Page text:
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Journal of Physiology and Biochemistry

, Volume 69, Issue 3, pp 595–600 | Cite as

Lipoic acid inhibits adiponectin production in 3T3-L1 adipocytes

  • Pedro L. Prieto-Hontoria
  • Marta Fernández-Galilea
  • Patricia Pérez-Matute
  • J. Alfredo Martínez
  • María J. Moreno-Aliaga
Original Paper

Abstract

Lipoic acid (LA) is a naturally occurring compound with antioxidant properties. Recent attention has been focused on the potential beneficial effects of LA on obesity and related metabolic disorders. Dietary supplementation with LA prevents insulin resistance and upregulates adiponectin, an insulin-sensitizing adipokine, in obese rodents. The aim of this study was to investigate the direct effects of LA on adiponectin production in cultured adipocytes, as well as the potential signaling pathways involved. For this purpose, fully differentiated 3T3-L1 adipocytes were treated with LA (1–500 μM) during 24 h. The amount of adiponectin secreted to media was detected by ELISA, while adiponectin mRNA expression was determined by RT-PCR. Treatment with LA induced a dose-dependent inhibition on adiponectin gene expression and protein secretion. Pretreatment with the PI3K inhibitor LY294002 inhibited adiponectin secretion and mRNA levels, and significantly potentiated the inhibitory effect of LA on adiponectin secretion. The AMPK activator AICAR also reduced adiponectin production, but surprisingly, it was able to reverse the LA-induced inhibition of adiponectin. The JNK inhibitor SP600125 and the MAPK inhibitor PD98059 did not modify the inhibitory effect of LA on adiponectin. In conclusion, our results revealed that LA reduces adiponectin secretion in 3T3-L1 adipocytes, which contrasts with the stimulation of adiponectin described after in vivo supplementation with LA, suggesting that an indirect mechanism or some in vivo metabolic processing is involved.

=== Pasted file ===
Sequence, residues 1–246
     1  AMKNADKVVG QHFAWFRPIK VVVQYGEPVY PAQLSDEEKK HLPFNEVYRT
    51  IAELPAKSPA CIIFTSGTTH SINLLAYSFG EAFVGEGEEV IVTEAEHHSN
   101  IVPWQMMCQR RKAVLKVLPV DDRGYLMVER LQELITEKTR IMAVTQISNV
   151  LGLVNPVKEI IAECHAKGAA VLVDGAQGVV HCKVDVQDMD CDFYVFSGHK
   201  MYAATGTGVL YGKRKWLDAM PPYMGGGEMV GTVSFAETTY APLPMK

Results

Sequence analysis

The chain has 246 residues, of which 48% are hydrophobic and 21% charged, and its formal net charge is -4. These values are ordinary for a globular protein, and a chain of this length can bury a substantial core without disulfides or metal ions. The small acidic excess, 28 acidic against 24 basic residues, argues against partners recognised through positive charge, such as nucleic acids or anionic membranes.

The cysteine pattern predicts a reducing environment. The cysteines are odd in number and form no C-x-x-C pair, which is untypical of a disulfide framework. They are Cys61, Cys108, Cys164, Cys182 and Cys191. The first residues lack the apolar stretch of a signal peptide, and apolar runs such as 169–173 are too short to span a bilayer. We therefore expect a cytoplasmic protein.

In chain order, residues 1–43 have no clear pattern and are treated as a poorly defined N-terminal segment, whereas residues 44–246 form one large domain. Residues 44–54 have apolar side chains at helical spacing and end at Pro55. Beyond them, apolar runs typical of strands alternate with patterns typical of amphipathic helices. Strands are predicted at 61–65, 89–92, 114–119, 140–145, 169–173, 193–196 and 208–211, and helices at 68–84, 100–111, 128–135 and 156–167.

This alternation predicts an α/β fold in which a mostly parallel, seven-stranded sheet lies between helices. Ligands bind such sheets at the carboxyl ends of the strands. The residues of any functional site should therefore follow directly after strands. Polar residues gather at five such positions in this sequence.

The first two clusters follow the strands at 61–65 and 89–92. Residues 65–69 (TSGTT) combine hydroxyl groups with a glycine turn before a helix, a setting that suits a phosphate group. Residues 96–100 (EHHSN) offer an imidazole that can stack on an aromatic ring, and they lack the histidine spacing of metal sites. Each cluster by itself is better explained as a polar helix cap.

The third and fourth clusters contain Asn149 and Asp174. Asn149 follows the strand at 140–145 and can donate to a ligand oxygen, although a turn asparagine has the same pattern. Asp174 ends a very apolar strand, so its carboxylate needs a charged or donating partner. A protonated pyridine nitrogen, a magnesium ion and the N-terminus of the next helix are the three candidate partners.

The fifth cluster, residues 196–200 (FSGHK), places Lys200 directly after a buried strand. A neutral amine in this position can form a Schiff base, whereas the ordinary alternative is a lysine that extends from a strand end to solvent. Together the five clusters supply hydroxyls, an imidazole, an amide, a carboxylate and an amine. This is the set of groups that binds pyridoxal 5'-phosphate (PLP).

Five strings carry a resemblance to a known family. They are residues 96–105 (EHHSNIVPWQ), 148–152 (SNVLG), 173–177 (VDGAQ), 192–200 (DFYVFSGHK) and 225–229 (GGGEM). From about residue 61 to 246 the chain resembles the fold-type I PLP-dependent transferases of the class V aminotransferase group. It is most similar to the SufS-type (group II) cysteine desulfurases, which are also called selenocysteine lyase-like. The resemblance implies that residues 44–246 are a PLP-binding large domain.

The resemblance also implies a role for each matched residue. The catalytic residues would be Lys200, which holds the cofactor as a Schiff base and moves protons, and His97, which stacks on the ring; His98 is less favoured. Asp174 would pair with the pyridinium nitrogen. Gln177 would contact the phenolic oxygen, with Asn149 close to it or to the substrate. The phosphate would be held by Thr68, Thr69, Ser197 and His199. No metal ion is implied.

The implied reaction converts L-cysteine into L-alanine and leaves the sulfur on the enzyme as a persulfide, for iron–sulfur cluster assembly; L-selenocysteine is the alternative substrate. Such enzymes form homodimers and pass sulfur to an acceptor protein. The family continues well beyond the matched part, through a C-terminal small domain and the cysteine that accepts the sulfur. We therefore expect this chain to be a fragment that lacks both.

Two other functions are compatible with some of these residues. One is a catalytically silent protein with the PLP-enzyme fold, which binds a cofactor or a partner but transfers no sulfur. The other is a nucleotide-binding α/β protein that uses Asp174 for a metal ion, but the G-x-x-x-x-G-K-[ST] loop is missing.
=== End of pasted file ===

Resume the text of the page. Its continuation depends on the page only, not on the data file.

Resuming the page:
Keywords

Lipoic acid Obesity Adiponectin Adipocytes 

Notes

Acknowledgments

This work has been supported by the Ministry of Science and Innovation of the Government of Spain (AGL 2009-10873/ALI and AGL 2006-04716/ALI) and by Línea Especial: “Nutrición, Obesidad y Salud” (University of Navarra). PL Prieto-Hontoria was supported by a research grant by Danone Institute, Spain. CTP, CIBERobn, and RETICS Network are gratefully acknowledged.

Conflict of interest

The authors declare no conflict of interest.

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Copyright information

© University of Navarra 2013

Authors and Affiliations

  • Pedro L. Prieto-Hontoria
    • 1
  • Marta Fernández-Galilea
    • 1
  • Patricia Pérez-Matute
    • 1
    • 2
  • J. Alfredo Martínez
    • 1
  • María J. Moreno-Aliaga
    • 1
  1. 1.Department of Nutrition, Food Science and PhysiologyUniversity of NavarraPamplonaSpain
  2. 2.HIV and Associated Metabolic Alterations Unit, Infectious Diseases AreaCenter for Biomedical Research of La Rioja (CIBIR)LogroñoSpain

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